A cyclical process

In the last two million years, global warming has occurred on multiple occasions, typically taking around 5,000 years for the planet to warm by 5 degrees. However, the striking statistic is that in the past century alone, the temperature has risen by 0.7 degrees Celsius, a rate approximately 10 times faster than the average pace of warming during ice-age-recovery. Projections for the next century indicate a predicted rate of warming at least 20 times faster than the historical norm, marking an exceptionally unusual and rapid rate of change.

Most cultures are anchored around fostering a lifestyle harmonious with nature’s rhythms with minimally invasive everyday rituals. The bodhi tree beneath which Buddha attained enlightenment, and the baobab tree, revered as the tree of life in ancient African cultures, exemplify the spiritual connections attributed to trees. European cultures, too, find sacredness in oak trees, while Native Americans intuitively acknowledge the correlation between our well-being and the health of the trees surrounding us. In the Rig Veda, trees and plants are revered as conscious divine living beings. The specifically designates trees as agents capable of purifying and eliminating pollution.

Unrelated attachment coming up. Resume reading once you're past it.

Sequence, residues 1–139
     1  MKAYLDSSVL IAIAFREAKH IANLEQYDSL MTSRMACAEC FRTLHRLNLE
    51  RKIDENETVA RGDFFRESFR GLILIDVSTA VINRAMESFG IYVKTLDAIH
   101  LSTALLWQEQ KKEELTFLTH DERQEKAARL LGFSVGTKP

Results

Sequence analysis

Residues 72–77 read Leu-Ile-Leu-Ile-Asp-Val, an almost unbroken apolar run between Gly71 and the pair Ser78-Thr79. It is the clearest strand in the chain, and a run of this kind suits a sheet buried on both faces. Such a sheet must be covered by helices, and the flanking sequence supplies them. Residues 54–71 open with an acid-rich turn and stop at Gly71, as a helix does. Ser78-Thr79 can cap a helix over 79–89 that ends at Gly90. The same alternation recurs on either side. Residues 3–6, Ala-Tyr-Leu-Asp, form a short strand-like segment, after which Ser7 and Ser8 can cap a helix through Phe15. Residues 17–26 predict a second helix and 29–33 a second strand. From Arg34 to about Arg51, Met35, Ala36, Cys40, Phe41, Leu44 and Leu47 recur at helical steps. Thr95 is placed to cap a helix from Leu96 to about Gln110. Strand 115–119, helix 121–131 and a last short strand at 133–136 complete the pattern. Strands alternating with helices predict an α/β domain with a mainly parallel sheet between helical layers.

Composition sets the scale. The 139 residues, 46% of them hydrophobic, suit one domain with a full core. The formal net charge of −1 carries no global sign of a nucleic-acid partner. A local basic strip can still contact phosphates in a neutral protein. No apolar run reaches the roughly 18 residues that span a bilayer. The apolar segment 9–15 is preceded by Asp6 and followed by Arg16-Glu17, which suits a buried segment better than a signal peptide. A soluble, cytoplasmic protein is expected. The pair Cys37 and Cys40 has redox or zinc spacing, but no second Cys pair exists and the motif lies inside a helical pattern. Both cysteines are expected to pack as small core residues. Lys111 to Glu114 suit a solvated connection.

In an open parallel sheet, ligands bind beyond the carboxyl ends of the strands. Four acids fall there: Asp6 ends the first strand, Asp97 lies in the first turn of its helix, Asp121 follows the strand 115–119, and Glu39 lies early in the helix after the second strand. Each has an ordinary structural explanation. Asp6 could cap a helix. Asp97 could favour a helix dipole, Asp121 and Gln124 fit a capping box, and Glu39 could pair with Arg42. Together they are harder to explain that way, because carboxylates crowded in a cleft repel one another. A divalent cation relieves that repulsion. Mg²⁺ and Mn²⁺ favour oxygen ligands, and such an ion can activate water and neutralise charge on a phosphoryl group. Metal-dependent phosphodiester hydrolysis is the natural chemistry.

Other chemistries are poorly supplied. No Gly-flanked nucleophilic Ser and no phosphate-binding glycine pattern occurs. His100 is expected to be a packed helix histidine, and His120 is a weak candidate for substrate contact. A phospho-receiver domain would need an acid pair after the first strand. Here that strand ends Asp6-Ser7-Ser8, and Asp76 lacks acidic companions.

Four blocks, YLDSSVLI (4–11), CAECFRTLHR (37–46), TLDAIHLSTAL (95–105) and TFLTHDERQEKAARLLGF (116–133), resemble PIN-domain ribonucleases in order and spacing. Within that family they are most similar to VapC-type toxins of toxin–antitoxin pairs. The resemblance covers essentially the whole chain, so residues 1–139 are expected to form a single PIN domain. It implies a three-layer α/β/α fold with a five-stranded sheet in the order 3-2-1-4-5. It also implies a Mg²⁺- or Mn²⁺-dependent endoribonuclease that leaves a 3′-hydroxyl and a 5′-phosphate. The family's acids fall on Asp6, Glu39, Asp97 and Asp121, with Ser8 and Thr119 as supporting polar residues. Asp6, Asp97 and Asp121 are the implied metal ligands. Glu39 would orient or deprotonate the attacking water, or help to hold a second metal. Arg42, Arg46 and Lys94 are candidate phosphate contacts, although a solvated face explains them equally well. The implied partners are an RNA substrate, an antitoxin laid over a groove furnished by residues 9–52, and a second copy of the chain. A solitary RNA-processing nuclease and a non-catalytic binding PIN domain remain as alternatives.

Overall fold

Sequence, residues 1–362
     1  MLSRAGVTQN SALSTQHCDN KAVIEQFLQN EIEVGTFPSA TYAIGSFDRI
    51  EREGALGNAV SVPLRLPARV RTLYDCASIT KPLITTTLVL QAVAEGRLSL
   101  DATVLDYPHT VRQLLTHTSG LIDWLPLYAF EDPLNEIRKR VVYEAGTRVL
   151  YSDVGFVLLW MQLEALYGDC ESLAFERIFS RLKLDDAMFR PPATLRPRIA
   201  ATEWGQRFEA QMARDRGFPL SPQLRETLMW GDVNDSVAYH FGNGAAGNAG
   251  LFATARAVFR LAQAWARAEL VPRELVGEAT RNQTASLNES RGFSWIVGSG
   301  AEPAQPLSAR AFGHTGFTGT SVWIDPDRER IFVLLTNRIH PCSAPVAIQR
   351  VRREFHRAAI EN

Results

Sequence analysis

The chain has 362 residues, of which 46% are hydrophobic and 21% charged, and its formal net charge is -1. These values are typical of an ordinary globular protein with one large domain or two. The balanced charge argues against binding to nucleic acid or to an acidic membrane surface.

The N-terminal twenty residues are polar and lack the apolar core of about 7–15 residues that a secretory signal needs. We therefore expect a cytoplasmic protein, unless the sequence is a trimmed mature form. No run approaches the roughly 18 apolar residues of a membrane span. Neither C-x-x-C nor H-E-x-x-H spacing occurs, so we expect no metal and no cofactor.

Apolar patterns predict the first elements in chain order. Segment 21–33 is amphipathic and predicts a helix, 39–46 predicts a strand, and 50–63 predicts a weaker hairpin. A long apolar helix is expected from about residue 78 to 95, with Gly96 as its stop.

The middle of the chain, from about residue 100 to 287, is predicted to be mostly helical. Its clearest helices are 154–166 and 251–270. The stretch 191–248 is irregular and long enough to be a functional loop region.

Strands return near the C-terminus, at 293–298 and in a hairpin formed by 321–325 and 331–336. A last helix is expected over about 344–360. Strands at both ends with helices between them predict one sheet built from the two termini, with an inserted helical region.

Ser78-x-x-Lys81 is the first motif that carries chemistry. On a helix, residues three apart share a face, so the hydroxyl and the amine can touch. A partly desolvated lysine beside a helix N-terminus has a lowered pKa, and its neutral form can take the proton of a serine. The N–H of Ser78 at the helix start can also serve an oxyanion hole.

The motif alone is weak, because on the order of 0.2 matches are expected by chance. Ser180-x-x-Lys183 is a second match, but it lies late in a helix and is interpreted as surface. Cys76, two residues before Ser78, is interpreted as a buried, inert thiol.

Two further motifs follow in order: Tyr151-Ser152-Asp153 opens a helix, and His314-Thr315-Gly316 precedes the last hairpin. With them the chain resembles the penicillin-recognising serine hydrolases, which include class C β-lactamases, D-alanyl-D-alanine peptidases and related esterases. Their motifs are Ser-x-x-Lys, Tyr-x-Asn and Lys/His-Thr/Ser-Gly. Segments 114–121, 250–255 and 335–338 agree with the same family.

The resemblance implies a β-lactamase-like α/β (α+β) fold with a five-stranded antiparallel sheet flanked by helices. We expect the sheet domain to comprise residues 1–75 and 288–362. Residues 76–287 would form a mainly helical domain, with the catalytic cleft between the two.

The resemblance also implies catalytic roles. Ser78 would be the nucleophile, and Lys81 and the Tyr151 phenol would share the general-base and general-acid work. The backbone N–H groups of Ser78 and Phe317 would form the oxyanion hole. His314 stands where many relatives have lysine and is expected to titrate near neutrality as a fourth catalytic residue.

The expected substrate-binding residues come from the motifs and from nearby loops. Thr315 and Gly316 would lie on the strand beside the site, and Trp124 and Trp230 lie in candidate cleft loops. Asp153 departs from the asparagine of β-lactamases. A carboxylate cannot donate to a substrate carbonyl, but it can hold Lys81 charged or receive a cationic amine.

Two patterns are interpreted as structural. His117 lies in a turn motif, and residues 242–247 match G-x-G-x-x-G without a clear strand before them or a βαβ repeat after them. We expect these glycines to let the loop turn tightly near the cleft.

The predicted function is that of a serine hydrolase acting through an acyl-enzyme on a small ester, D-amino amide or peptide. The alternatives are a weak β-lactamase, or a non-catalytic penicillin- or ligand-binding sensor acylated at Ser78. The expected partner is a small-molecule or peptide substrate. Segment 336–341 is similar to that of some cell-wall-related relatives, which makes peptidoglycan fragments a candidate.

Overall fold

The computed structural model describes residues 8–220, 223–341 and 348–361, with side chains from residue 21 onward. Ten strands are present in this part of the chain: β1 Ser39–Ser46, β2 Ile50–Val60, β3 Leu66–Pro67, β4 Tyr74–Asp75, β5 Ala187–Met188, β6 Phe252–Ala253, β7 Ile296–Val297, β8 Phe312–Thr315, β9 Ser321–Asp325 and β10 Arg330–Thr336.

Post-industrialisation, the human footprint has expanded rapidly, significantly contributing to systemic land changes, severely altering the environment in some parts of the world. Cities that were earlier the prime hubs of growth, like Rio de Janeiro and New Delhi, now witness the adverse consequences of human actions without the means to reverse them. Learning from the past approaches, contemporary society should seek to design cities that align with the rhythms and cycles of nature. It is time we acknowledge the interconnectedness of human activities with the environment and have this harmony reflected in urban development.

Reflecting harmony